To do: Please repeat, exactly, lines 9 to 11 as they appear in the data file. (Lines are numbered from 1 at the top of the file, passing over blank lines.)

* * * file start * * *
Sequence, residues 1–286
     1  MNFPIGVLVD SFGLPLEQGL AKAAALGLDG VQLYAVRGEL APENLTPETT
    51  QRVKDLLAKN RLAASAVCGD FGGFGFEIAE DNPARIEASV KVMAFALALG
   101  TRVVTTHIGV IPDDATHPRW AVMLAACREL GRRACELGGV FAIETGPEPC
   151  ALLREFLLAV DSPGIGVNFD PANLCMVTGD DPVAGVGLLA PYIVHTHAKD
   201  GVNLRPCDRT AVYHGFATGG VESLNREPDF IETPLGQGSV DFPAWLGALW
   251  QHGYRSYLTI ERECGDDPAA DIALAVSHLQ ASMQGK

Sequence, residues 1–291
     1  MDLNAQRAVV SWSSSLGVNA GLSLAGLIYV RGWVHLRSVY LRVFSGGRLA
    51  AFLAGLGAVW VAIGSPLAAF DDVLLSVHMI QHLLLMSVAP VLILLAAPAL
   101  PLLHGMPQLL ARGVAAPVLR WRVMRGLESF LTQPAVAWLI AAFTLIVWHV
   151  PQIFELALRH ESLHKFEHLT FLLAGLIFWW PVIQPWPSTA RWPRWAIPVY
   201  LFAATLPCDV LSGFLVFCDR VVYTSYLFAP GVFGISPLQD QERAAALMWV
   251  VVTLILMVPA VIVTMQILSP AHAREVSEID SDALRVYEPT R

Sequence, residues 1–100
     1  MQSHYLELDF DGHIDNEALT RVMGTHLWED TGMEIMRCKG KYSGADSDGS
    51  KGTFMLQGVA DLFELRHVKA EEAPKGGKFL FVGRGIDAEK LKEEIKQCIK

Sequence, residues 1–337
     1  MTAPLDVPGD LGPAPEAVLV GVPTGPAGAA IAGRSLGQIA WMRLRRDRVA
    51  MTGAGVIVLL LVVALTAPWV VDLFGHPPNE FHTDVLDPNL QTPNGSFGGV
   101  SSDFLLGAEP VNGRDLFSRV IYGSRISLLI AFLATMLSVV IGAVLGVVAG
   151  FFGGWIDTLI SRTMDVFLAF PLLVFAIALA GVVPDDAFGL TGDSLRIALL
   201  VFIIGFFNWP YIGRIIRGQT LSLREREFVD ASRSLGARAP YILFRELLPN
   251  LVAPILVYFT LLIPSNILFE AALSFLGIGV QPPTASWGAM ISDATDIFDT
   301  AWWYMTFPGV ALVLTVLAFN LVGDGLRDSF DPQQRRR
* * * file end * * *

     1  MDLNAQRAVV SWSSSLGVNA GLSLAGLIYV RGWVHLRSVY LRVFSGGRLA
    51  AFLAGLGAVW VAIGSPLAAF DDVLLSVHMI QHLLLMSVAP VLILLAAPAL
   101  PLLHGMPQLL ARGVAAPVLR WRVMRGLESF LTQPAVAWLI AAFTLIVWHV